I Hate Food

I Hate Food

They expected far more of me than I was willing to give for thirteen dollars an hour. The first day had seemed promising. The owners were overfriendly and proud. They showed me around the restaurant, introduced me to the rest of the staff and instructed me to shadow one of the other cooks while he prepared salads. It seemed pretty manageable and although there were slightly alarming signs of fastidiousness, I felt welcomed. Though I took care disguising it, I was desperate for the money.

On the second day, I was shown the procedure for opening the restaurant and how to do the morning preparations for the lunch rush. On the third day, I had to open the restaurant alone, heat all the soups and stews, stock the line and order the bread.

This was more demanding than I had imagined. I had told them the truth about my experience—that I had worked in the kitchen of a dive-bar, flipping burgers and working a deep-fryer—but somehow they understood this to mean I had a passion for food and wanted to learn how to cook gourmet cuisine.

That was far from what I wanted.

I hate food. I’ve never had a passion for presenting it nicely or cooking it well. For me it’s merely another form of sustenance—like water or air—something to shove down quickly before moving on to something more interesting. I generally offer shallow, positive appraisals of the food I eat, often using throwaway expressions such as, “Wow, this is delicious,” or “You’ve really outdone yourself this time darling”. That’s the extent of what I have to say about food. To me, haughty food jargon is just a wank, and to effect gustative refinement is straight-up pretentious. Food provides me with such minimal pleasure, like shovelling sand into a hole in the yard. The problem with the human body is that the hole can never be filled. Our bodies require us to constantly go about consuming and needing and never being satisfied.

Obviously, my attitude towards food was something I would have to conceal if I was going to keep this cooking job.

It was called Enigma and directly under the name it said Neighbourhood Restaurant. This made absolutely no sense to me. Nor did the old South African couple that owned the joint. The woman’s name was Pam and, for some reason she attempted to be a kind of grandmother figure to me. It was as if I were her dumb little grandson who needed to be trained and taught a few life lessons but could always be forgiven. She treated me like an idiot and this gave me cause and justification to be an idiot.

I did my duties to a low standard, but remained friendly and mostly punctual. I was maintaining the façade just enough to avoid getting fired. She constantly sought reassurance that I wouldn’t quit, that I wouldn’t leave Vancouver when winter came. I absent-mindedly reassured her and thought little about the future.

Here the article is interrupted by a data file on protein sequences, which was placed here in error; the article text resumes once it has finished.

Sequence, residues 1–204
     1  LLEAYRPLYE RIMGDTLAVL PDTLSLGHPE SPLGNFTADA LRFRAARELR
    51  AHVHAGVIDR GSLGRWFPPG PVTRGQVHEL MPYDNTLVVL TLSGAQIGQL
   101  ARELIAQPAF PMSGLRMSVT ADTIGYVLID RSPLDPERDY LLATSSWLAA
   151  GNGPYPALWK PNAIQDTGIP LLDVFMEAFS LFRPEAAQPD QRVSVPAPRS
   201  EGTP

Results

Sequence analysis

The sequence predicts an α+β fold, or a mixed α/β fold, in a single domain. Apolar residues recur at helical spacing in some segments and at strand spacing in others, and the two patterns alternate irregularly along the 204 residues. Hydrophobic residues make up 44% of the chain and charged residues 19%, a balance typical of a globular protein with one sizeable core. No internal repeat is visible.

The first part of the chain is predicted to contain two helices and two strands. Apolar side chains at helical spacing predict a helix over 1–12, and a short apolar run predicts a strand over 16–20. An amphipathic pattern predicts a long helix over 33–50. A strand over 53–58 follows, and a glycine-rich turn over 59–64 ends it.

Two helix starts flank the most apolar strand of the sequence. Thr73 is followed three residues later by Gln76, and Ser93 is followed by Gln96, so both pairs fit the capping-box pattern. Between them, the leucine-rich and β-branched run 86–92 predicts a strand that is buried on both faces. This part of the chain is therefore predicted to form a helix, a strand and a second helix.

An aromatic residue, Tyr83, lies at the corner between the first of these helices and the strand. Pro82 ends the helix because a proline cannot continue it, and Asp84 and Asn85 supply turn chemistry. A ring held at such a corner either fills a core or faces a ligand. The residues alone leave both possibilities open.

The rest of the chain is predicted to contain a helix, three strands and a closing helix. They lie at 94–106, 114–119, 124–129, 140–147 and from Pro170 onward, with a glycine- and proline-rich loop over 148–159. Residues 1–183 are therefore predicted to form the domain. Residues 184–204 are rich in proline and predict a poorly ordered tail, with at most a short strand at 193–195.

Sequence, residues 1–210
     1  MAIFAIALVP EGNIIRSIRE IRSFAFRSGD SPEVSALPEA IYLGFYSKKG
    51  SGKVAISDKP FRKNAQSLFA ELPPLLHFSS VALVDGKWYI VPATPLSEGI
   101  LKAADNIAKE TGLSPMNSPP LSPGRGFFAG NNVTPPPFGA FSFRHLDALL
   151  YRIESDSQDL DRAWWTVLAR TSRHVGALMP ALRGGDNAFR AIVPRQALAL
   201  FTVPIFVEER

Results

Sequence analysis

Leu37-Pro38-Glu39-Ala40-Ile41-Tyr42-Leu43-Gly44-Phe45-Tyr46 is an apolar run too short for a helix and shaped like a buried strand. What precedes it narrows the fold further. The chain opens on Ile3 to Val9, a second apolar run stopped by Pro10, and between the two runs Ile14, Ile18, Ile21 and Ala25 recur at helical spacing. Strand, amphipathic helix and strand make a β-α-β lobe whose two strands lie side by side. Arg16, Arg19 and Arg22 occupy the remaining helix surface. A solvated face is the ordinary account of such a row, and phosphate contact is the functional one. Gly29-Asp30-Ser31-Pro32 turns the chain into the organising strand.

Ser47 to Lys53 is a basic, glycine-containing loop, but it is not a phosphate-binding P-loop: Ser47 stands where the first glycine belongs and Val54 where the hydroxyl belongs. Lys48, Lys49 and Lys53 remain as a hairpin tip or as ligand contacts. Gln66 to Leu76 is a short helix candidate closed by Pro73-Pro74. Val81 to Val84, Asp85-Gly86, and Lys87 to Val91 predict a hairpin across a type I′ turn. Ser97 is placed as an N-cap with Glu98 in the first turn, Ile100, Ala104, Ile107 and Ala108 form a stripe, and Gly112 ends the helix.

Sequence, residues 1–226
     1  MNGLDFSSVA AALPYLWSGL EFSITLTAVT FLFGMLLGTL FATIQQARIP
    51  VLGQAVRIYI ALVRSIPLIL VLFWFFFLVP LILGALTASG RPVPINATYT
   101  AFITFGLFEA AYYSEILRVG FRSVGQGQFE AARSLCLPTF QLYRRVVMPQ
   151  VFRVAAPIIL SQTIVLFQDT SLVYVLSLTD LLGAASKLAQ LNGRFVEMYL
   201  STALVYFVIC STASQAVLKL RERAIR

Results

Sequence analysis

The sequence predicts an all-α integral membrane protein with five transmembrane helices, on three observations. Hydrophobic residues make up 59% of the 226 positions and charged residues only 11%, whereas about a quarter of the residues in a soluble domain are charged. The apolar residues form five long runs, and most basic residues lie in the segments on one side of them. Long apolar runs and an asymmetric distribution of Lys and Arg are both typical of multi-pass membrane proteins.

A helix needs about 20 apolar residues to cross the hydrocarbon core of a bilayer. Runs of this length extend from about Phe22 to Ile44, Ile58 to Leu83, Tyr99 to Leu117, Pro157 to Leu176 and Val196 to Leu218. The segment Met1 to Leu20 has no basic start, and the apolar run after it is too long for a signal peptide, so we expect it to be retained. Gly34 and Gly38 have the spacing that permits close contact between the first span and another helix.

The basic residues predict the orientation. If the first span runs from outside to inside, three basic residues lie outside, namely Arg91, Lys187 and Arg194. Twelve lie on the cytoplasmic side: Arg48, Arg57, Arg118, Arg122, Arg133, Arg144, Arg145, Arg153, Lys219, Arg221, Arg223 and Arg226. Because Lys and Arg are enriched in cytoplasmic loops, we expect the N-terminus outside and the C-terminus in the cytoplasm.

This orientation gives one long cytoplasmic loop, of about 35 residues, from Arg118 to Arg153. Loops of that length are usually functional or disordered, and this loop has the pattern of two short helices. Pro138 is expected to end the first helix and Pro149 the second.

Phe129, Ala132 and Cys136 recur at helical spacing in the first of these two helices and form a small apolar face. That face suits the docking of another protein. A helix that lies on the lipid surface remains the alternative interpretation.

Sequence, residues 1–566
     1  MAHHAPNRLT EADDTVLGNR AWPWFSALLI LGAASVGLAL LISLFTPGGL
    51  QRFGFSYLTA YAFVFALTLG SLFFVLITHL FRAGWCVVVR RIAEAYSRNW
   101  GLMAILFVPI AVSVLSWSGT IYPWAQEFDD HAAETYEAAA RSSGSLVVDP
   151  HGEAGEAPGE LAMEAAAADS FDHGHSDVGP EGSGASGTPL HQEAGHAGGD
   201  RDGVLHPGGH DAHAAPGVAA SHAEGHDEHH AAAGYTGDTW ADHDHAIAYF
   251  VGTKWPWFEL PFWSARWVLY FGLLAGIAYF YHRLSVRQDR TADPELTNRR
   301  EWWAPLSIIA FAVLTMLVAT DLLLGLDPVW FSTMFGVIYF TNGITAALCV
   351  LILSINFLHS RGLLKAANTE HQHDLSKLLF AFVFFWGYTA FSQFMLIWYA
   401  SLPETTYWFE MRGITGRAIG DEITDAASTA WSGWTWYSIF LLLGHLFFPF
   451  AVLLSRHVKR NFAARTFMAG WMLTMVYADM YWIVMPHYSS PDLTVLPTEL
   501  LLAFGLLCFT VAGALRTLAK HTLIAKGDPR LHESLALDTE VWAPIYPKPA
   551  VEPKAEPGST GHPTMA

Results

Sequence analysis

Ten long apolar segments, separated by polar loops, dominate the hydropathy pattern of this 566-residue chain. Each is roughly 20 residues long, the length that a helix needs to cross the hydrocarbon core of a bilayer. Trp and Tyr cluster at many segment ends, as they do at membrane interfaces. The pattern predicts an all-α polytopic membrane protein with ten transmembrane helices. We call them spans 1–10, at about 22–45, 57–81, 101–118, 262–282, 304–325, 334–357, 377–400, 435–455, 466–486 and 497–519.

Where work was concerned, Pam became infuriatingly passive aggressive. I was polite but increasingly curt. Each time I put an order on the service counter she scrutinised it heavily.

“Does this have croutons?”
“And parmesan?”
“Bacon bits?”
“And it’s dressed with caeser dressing?”
“And of course the lemon wedge?”

 She could clearly see that the salad was complete – she just wanted to rub my nose in previous mistakes. Sometimes she would claim that her eyesight wasn’t very good, but when it was busy she would snap, “Lemon wedge on this caeser!” Each day she would come into the kitchen just as the lunch rush was beginning, get in the way of all the cooks in order to taste the soup and then tell us to add cream or pepper or some such thing. I hated her for it. I couldn’t understand how the other cooks, who were good at their jobs and took pride in their work, allowed themselves to be treated like this. There was no trust or appreciation, just nitpicking and insults to their professionalism.


 Apart from being married to Pam, her husband Rick seemed like a pretty good bloke. Instead of micromanaging every staff member and enforcing new and more finicky details of the job each day, he sat in an office downstairs and pushed paper. Occasionally, he would stand at the back of the kitchen with a cigarette and recount a story about when he was young. He had an avuncular appreciation for his staff and would genuinely thank us each day after we cooked him lunch. Like Pam, he often liked to confirm that I would stay around for winter and wasn’t planning on hightailing it to Whistler when the snow started to fall. I quashed his doubt and told him that I liked it there.

 Mikey was an overtly Jewish guy in his early thirties who referred to himself in the third person. He had short black hair and a baby face and he gave me the majority of my training. When the lunch rush was over he would declare, “Mikey’s hungry” as if he was dropping the hook from a Beastie Boys song. To him, and the rest of the staff, I said very little.